No Sitting Around for Kendall Lawn Chair Ladies

The Kendall Lawn Chair Ladies are not your typical lawn chair loungers. In fact, their motto is “Lawn Chair Ladies are the best, they don’t sit like all the rest!” The Kendall Lawn Chair Ladies is a marching and dancing unit made up of Kendall Central School alumni and their friends. The group first convened in 2012 and has participated in several parades and festivals since then. All of their prize money supports Kendall families facing financial hardship.

LawnChairs

The Kendall Lawn Chair Ladies are the newest Adopt-a-Trail group in Western New York.

This past winter, one of their members, Carol Peterson, decided to extend the group’s generosity to the Erie Canalway Trail. She found a 1.5-mile stretch of Erie Canalway Trail in Hulberton, Orleans County that the group could adopt. According to Carol, the trail is an especially important place for the Lawn Chair Ladies. “Two are End-to-Enders, so it is particularly close to our hearts,” she said. Carol, a self-proclaimed cycling enthusiast, completed the trail End-to-End in August of 2015.

Carol’s enthusiasm is reflected in the rest of the group too. Before the threat of snow melted away in early spring, the Kendall Lawn Chair Ladies had already planned their first trailside clean-up event.

As the weather heats up, they plan to continue lending a hand to keeping the Erie Canalway Trail free of trash and debris, so if you’re out on the trail in between Hulberton and Telegraph Roads in Hulberton this summer, chances are good that you’ll see the Kendall Lawn Chair Ladies out in full force.

The Canalway Trail Adopt-a-Trail program includes more than 50 community and civic groups who participate in regular clean-up events across the 524-mile NYS Canalway Trail system. Visit the Adopt-a-Trail page for more information on how you can join a group or adopt a section of trail in your area.

Trail Tender Award Recognizes Old Erie Canal State Park Trail Ambassador

dave-at-cedar-bay-bridge

Trail Ambassador Dave Kellogg at Cedar Bay Bridge in DeWitt

Congratulations to Canalway Trail Ambassador Dave Kellogg on his recent receipt of the 2016 Trail Tender Award. The Trail Tender Award recognizes the valuable contribution of individuals to promoting, enhancing, and completing the 524-mile New York State Canalway Trail system. Dave has been an active trail user for more than three decades, and over the course of the past two years has ridden hundreds of miles in Old Erie Canal State Park between DeWitt and Rome as a Trail Ambassador. See below for a profile of Dave and his interest in the trail.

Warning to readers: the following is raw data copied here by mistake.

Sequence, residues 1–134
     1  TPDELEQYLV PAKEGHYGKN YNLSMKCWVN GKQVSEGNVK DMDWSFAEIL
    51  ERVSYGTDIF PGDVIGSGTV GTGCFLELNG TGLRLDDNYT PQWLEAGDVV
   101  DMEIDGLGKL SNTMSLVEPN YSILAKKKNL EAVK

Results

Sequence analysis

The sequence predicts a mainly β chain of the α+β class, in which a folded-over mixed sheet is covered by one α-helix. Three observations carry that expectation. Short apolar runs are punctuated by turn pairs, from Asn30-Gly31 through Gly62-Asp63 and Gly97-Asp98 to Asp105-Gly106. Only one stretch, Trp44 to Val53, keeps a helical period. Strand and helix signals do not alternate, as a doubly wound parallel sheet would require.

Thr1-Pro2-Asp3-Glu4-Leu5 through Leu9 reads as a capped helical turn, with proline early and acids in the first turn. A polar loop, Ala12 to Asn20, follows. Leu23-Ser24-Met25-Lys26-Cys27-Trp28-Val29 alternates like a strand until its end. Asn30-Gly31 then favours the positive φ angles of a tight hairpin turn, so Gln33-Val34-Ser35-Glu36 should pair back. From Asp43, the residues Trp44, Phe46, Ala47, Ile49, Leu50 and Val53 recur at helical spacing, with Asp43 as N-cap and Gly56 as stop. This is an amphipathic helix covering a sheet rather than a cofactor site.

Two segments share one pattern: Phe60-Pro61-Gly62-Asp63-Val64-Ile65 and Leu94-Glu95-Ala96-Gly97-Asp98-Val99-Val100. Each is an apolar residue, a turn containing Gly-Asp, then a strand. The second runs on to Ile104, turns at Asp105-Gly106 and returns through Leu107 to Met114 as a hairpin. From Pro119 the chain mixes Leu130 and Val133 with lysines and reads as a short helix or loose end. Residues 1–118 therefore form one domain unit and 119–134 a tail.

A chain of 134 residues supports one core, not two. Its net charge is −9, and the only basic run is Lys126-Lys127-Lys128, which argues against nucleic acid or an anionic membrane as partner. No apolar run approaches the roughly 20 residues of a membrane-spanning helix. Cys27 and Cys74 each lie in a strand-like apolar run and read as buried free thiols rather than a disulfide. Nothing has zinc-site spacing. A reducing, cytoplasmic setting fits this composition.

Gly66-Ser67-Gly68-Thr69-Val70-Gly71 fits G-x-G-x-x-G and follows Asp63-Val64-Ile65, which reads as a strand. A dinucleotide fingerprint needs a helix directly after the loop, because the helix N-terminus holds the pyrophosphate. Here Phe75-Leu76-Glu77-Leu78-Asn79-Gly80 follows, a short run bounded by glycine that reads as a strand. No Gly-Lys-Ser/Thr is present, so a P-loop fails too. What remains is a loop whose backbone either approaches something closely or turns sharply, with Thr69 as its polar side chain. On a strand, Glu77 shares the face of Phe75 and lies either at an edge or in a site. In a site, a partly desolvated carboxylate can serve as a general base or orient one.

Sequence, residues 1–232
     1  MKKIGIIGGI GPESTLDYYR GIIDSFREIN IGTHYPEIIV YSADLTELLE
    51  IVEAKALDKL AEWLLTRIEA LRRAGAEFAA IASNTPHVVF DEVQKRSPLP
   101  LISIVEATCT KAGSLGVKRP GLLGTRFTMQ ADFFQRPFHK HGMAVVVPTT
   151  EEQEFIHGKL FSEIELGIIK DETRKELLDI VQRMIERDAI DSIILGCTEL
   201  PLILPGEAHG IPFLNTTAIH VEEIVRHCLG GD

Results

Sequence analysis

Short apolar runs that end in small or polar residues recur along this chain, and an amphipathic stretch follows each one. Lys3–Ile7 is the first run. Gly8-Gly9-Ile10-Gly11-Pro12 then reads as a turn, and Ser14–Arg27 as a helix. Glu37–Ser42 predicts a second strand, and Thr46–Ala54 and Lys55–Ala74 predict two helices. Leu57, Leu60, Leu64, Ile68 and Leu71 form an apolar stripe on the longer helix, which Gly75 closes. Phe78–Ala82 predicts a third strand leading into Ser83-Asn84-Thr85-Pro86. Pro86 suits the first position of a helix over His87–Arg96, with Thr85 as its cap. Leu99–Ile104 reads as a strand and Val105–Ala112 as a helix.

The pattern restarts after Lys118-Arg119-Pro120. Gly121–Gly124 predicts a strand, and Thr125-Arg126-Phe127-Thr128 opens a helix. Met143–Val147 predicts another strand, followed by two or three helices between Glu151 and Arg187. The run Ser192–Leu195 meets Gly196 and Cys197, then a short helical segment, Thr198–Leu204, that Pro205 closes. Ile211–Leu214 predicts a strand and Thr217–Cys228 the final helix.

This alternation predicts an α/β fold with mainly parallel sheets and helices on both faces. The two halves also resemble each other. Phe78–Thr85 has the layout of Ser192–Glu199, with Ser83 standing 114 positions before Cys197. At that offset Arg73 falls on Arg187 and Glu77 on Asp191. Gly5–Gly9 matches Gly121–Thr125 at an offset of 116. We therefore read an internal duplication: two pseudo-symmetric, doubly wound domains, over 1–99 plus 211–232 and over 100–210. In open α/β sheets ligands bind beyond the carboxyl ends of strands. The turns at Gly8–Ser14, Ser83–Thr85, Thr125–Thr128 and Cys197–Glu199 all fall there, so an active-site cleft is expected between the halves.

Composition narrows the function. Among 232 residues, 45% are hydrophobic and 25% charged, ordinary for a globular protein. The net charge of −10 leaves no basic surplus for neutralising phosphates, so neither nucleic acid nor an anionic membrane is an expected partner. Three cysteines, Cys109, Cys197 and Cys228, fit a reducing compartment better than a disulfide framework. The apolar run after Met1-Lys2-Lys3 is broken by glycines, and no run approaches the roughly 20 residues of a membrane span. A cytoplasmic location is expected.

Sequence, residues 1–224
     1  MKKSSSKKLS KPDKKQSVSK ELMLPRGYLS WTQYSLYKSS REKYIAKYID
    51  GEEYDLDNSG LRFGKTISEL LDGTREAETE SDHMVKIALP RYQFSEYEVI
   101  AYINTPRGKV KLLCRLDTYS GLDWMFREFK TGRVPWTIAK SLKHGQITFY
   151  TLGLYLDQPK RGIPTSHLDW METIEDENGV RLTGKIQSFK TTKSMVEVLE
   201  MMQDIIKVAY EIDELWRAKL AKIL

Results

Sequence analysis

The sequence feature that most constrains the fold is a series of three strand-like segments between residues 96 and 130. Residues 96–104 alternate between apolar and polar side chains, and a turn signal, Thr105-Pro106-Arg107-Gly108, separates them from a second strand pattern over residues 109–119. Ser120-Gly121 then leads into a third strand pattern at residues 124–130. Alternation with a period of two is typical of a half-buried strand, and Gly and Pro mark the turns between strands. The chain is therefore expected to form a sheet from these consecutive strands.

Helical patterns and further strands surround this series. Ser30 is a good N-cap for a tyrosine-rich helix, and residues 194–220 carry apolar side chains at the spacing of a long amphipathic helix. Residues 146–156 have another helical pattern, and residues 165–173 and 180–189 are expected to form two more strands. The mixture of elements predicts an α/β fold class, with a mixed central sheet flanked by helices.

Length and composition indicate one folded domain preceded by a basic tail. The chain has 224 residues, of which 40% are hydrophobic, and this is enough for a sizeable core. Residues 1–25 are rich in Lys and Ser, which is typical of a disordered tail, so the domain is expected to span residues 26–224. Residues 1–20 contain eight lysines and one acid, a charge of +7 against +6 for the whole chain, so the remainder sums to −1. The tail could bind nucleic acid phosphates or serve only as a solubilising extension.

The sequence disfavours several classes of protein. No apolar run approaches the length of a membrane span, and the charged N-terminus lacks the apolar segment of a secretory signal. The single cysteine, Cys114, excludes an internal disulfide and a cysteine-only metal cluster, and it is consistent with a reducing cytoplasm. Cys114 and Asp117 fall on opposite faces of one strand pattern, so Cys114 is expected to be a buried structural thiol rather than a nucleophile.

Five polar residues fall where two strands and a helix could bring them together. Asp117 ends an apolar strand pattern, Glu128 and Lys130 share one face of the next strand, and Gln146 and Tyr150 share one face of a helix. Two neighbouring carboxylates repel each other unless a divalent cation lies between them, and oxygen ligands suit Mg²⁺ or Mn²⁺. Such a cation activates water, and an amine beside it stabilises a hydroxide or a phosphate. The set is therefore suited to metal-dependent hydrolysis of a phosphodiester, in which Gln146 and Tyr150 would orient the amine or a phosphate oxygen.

1. How long have you been riding on the Canalway Trail?

We moved here in 1980, and we chose our home partly because of its proximity to the Canal. I ran more in those days and early on marked out a measured mile along the trail using my bike and counting wheel revolutions. Runners used it for years until the markers deteriorated. So to answer your question, 36 years minus the 5 years we lived in Puerto Rico = 31 years. And yes, I took my bike to P.R.

  1. What is your average time/mileage on the trail?

My exercise calendars show I’ve cycled an average of 1,000 miles per year over the past 5 years. Not all of that has been on the Canal, but the vast majority has been Canal-related. One of the PTNY priorities has been to “promote bicycling for … towns and their economic development”.  Showing up at a local store on a bike to let owners know about the Canal and its cyclists helps address that priority. My time spent on the Canal this year (through August) is approaching 50 hours. (See #4 for comments about miles and time.)  I’ve also spoken about the Canal to two small groups.

Occasionally, there’s an opportunity for some Trail maintenance, from branches across the trail to litter to addressing some delinquency.

 

  1. What do you like best about the Trail and your involvement with the trail?

People react to the Trail and the Canal in different ways. Some ways are obvious, like exercise, training and fitness. Other visitors get caught up in the history or engineering. Some want to experience nature: seeing a Great Blue Heron, a beaver or, less frequently and therefore more exciting, a Bald Eagle. All these people are willing to share their interests and passions if given just a little encouragement. With this encouragement the Canalway Trail is quite possibly the friendliest community in the country. Here’s an example of community, friendliness and impact. A young woman just relocated to the Syracuse area from her native state of Colorado to join her boyfriend who works at Syracuse University. The three of us met along the Trail and started talking about the simple pleasures the Canal offers. Suddenly, the woman changed the topic and burst out with, “I’m on the Erie Canal!”  I guess my reaction was not strong enough, so she brought her face closer to mine and said with emphasis,”I mean I’m on the Erie Canal.  I’m actually on the Erie Canal.”  To me it seemed she was reliving that portion of her childhood when she first learned about the Canal and probably sang the famous Canal song and maybe imagined her ancestors starting on the Erie Canal on their way west. That’s the impact the Canal can have on some.